Equilibrium is defined as “when two opposing forces or influences come together to achieve a state of balance”. We believe that as an independent discretionary fund manager (DFM), rebranding to Equilibrium represents what we stand for as a business. We have always been about balance:
- finding the balance between building scale through encouraging flows into our standard off-the-shelf portfolios with adviser’s needs for bespoke portfolios that are better aligned to their advice process
- balancing our need for detailed reports with adviser’s needs for simpler client-centric reports that focus on the key themes, and
- the balance between those elements of our investment process that absolutely need to be standard with those elements that can be customised to cater for both the adviser and the needs of the end-client.
Our services range from strategic and tactical asset allocation, strategy selection and optimisation, portfolio construction and fund research to mandate design, compliance monitoring, Regulation 28 checks and implementation, full attribution and reporting.
We are able to execute via the LISP platform or platforms of the adviser’s choice and equally can customise portfolios to include the underlying funds of the adviser’s choice, provided the fund is on our buy-list. This has allowed us to build a successful business in partnership with financial advisers with assets under management exceeding R13.7 billion at the end of April 2022. We believe strongly in the role of the adviser and do not do any direct (un-advised) business.
Most of our advisers are independent Category I advisers who do not have the skills necessary to be both advisers and asset managers. They therefore partner with us to help them with the asset management part. Our services range from strategic and tactical asset allocation, strategy selection and optimisation, portfolio construction and fund research to mandate design, compliance monitoring, Regulation 28 checks and implementation, full attribution and reporting.
Our Category II license enables us to do all the above, but we also help advisers with some of the softer issues that make their lives easier and free up their time to focus on what they do best – provide clients with good financial advice.
In an ageing adviser industry, inundated with an ever-increasing legislation burden, it’s not really a surprise that we have seen a rise in the number of corporate action deals across adviser practices. Some of these have resulted in actual buy and sell arrangements, but there are also a lot of “looser” arrangements. In these instances, alliances are formed between different practices to simplify the investment offering or share the costs of compliance that are making it hard for advisers with smaller books to remain sustainable.
Over the past few years, we have often had financial advisers cite “practice management benefits” as one of the key reasons that they partner with us. By partnering with advisers throughout their journey, we can create efficiencies in their practices, regardless of whether they are growing their practices, consolidating various advice books, looking at succession planning, selling their books or even exiting the industry.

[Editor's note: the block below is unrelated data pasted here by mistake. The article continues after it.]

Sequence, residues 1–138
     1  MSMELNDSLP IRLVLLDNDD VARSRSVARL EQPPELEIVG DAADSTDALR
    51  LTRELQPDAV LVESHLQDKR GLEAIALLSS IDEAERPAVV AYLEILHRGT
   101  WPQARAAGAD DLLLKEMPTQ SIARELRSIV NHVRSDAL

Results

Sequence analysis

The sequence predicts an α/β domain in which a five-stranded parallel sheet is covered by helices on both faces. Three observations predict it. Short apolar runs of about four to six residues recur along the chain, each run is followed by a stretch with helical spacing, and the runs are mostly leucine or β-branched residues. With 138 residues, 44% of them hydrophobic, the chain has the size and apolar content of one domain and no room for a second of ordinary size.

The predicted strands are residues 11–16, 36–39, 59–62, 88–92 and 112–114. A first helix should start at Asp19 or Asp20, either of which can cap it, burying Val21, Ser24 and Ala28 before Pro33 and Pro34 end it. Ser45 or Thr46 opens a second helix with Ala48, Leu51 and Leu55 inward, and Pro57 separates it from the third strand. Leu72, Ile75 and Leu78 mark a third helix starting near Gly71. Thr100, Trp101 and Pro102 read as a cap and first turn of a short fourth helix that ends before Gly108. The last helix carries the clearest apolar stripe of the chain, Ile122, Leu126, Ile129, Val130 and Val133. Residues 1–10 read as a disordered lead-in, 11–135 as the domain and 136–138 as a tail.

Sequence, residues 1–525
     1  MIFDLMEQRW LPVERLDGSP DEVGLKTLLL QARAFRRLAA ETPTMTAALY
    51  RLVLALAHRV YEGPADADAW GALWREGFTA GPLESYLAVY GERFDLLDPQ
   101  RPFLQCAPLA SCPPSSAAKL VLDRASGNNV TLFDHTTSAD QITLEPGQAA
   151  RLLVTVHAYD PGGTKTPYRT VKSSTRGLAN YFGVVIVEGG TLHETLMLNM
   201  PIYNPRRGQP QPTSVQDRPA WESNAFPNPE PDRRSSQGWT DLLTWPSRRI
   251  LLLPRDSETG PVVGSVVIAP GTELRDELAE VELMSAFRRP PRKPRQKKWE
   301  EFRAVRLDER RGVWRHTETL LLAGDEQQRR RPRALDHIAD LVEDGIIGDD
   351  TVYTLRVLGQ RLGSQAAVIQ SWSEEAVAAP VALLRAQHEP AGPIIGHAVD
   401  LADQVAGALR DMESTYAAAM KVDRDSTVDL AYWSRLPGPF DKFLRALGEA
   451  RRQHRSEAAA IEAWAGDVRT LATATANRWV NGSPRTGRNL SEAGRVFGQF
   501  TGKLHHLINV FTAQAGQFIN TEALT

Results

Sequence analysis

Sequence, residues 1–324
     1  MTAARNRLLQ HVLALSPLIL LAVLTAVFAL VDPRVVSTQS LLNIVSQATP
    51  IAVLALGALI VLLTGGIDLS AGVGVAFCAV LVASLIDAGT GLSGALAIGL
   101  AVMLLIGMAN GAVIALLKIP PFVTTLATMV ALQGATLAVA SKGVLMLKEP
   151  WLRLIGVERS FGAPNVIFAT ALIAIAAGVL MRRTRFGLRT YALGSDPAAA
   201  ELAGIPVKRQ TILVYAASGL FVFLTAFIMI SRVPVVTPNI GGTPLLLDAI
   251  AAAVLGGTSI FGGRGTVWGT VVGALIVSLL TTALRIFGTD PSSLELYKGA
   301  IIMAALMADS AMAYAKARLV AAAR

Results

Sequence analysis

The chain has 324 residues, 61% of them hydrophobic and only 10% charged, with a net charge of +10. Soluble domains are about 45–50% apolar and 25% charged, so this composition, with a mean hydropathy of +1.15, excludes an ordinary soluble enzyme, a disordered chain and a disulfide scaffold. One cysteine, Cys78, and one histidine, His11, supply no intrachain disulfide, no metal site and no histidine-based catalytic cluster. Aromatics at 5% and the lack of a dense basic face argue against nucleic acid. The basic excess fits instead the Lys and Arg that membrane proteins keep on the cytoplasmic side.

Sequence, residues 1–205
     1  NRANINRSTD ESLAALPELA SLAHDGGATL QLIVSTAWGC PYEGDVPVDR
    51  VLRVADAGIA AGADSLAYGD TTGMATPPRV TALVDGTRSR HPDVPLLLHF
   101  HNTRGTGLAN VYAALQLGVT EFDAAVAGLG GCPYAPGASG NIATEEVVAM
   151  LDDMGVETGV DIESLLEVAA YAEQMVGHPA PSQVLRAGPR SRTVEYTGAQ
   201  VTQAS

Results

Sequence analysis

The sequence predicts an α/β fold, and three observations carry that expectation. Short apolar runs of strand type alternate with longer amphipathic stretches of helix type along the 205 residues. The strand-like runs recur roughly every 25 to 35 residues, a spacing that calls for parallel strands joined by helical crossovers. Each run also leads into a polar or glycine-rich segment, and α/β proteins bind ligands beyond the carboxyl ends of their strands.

The reality is that most financial advisers have spent their entire careers building their practices and these practices are often one of the biggest, if not the biggest asset that they have at the end of their careers. And they deserve to extract the maximum value for this asset. Practices that are lean, have fewer underlying portfolios and where clients are all treated fairly, are worth more. It’s also easier from a succession planning perspective and attract a higher multiple on sale.
Therefore, it stands to reason that advisers should spend time on practice management. We often get called in to help them consolidate different books, ensure that portfolios are consolidated to ensure that clients with similar outcomes are in similar portfolios and to help create other efficiencies that save them time. We saw a similar trend in the United Kingdom after the inception of their retail distribution review (RDR).
Two studies conducted during 2021, one by Rathbones and one by Nextwealth Financial Advice Business Benchmarks, showed that advisers who partnered with a DFM extracted several benefits. Over 70% of advisers reported an increase in the performance of their client portfolios, 66% reported an improved risk/return profile and 60% cited having increased revenues from existing clients. These studies also showed how partnering with a DFM helped advisers navigate the complex landscape and assisted them with building more diversified portfolios.
Although most of our adviser partners have a Category I license, we do have an increasing number of Category II advisers partnering with us as their sub-investment partner of choice. That’s mainly because having a Category II license doesn’t necessarily result in having all the skills necessary to run a fully-fledged investment business. Other Category II license holders may lack some of the skills to provide the full range of services that we offer, or simply the time to do them all effectively.
This is an area of the market that has grown over the past 18 years and we are proud of the fact that our two largest Category II partners came under supervision on our license and now have practices that are not only fully-fledged competitors of ours, but more importantly, investment partners. We believe that jointly we are reforming and professionalising the industry. And most importantly, we are jointly achieving better investment outcomes for our clients.